Ticks, along with mites, belong to the subclass Acari, and are found mainly in wooded areas in the spring and summer. In Europe, they are the most common vectors of infectious diseases in humans and animals. They can transmit bacteria, viruses and parasites. In France, the main disease transmitted to humans by ticks is Lyme disease. ANSES studies tick-borne pathogenic agents in order to identify and characterise them and more effectively combat them.
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Updated on 05/08/2016
Ticks and Lyme disease
Improving knowledge and fighting tick-borne pathogens
Ticks (Ixodes ricinus) belong to the Acari subclass, and are found in wooded areas in the spring and autumn. They are responsible for vector transmission of infectious diseases that can affect animals and humans (zoonotic agents). Ticks are the most common vectors of infectious diseases in Europe.
There are just under 1000 species of tick in the world, but only a few are carriers of disease (mild to severe).
These diseases can be caused by:
- bacteria (Lyme disease, rickettsiosis, tularemia, bartonellosis),
- viruses (tick-borne encephalitis, tick and haemorrhagic fevers, louping-ill in sheep),
parasites (canine piroplasmosis, bovine babesiosis).
How do ticks transmit diseases?
Ticks feed on the blood of the human or animal hosts to which they attach themselves and may become infected by pathogens from infected hosts. They can then retransmit the pathogens to new hosts whose blood they feed on. Ticks are therefore known as disease "vectors". Diseases are mainly transmitted through their saliva.
Ticks are excellent vectors because:
- The feed on large quantities of blood for long periods (and therefore have a higher chance of absorbing a pathogen).
- Attached to their host, ticks can travel long distances (high dissemination capacity).
- Thanks to their relatively long lifespans (several months), pathogens are kept alive in nature for prolonged periods.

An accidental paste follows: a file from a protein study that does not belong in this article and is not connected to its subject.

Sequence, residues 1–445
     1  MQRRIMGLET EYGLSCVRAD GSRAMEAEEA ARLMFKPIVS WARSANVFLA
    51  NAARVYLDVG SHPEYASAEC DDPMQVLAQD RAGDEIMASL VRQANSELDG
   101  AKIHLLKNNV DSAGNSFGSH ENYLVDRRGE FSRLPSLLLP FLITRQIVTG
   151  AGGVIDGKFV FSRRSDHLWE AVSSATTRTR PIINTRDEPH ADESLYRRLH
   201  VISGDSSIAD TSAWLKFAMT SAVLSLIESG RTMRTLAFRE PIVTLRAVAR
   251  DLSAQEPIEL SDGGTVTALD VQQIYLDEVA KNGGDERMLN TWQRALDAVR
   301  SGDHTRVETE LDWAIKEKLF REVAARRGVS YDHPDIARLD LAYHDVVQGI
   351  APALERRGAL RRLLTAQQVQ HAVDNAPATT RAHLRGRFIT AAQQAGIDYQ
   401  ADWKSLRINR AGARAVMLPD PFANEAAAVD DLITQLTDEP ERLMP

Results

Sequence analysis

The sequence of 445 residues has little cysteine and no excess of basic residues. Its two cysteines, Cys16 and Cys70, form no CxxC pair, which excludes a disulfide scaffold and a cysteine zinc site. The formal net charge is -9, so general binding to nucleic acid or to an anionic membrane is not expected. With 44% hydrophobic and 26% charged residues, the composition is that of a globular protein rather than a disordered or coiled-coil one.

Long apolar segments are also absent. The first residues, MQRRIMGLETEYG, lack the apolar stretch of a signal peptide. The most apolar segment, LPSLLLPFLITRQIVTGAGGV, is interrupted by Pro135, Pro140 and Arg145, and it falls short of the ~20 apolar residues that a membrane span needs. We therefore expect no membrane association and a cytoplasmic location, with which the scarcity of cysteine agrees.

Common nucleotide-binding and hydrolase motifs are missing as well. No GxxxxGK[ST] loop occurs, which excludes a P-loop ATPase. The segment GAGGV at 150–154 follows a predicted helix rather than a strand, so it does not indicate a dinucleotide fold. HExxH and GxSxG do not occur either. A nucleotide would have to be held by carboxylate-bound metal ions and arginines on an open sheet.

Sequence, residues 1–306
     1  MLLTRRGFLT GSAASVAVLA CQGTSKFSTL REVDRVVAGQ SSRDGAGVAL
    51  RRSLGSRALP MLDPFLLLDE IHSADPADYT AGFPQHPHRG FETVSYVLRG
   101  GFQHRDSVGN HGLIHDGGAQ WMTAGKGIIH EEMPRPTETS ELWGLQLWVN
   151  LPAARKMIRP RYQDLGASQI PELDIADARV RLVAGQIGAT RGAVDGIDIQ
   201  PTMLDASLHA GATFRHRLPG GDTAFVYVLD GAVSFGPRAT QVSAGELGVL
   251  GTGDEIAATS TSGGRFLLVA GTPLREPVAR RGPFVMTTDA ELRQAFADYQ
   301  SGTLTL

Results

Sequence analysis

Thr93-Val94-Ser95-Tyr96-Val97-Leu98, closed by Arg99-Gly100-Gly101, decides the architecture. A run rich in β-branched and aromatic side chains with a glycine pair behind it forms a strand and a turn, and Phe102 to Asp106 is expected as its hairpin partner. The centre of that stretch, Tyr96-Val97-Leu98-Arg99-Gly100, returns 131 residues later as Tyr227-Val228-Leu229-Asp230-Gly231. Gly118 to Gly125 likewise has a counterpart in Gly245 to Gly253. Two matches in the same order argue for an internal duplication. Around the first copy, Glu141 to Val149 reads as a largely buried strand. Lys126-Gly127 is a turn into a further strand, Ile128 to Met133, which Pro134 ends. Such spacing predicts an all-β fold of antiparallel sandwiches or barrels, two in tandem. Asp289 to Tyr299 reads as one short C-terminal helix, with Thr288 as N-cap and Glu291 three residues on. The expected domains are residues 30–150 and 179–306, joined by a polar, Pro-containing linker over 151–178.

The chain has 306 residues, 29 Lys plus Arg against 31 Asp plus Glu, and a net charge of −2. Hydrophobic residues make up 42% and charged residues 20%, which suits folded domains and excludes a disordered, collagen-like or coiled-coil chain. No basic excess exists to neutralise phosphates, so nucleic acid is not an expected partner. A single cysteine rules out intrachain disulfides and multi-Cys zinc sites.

- They feed on a wide variety of hosts that can be carriers of many different pathogens.
They reproduce in large numbers.
Additionally, tick bites are painless.
Lyme disease, the main disease transmitted to humans
In France, the main disease transmitted to humans by ticks is Lyme disease. It is caused by a bacteria belonging to the group B. burgdorferi sensu lato, which comprises at least five species pathogenic to humans which are found in France.
Several days after a tick bite, erythema migrans (a typical red "bull's eye" rash pattern) appears, spreading outward from the central bite location. At this stage, an antibiotic treatment can effectively treat the disease. However, without treatment the disease can cause cutaneous, muscular, neurological and articular damage that may be highly disabling.
Antibiotic treatments exist which are effective if administered rapidly. It is therefore important to obtain a prompt diagnosis following a tick bite.
To protect yourself from tick bites when taking walks in wooded areas:
- use repellents
- wear clothes that cover the body
- inspect your body after walks
- immediately detach attached ticks using a tick remover, thin tweezers, or your fingernails (never use ether or similar products)
- disinfect the wound
If an erythema migrans rash should appear following a tick bite, see your doctor immediately.
The work of the Agency
Via its Maisons-Alfort Laboratory for Animal Health, ANSES studies tick-borne pathogens. To do this, it organises regular tick collection campaigns in various regions of France. The pathogens found in the ticks are then identified using high throughput techniques.
The ticks' competence in transmitting the newly identified pathogens is studied and the laboratory develops innovative methods for providing epidemiological surveillance of these pathogens. In this way, ANSES can better understand the pathogens transmitted by ticks in order to more effectively combat them.
This research topic, at the interface between animal health and human health, shows how the fight against animal-borne infectious diseases is consistent with the "One Health" concept implemented by the international health authorities.